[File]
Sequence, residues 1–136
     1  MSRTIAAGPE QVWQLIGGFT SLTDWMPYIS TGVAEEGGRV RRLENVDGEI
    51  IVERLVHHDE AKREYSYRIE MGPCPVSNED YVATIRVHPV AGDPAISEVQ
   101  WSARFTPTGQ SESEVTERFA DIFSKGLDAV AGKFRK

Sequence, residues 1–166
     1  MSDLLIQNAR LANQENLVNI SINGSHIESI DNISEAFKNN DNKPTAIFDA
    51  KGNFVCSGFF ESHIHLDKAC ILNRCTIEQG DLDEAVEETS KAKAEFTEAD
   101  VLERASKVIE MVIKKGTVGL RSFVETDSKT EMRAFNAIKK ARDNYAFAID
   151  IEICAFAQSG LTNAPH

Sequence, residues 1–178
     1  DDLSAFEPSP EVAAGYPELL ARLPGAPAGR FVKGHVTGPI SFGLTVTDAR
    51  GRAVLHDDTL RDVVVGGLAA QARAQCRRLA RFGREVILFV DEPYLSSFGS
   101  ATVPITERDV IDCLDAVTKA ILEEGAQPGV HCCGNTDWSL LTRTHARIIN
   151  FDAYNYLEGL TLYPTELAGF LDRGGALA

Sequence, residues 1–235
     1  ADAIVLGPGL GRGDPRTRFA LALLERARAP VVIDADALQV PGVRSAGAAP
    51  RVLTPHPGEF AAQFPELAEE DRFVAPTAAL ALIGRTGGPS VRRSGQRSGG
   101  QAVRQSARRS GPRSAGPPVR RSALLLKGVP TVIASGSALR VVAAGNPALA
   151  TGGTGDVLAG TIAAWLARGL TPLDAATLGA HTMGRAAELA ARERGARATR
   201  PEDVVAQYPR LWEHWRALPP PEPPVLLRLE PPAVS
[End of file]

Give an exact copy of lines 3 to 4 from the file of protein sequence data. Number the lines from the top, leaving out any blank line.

    51  IVERLVHHDE AKREYSYRIE MGPCPVSNED YVATIRVHPV AGDPAISEVQ
   101  WSARFTPTGQ SESEVTERFA DIFSKGLDAV AGKFRK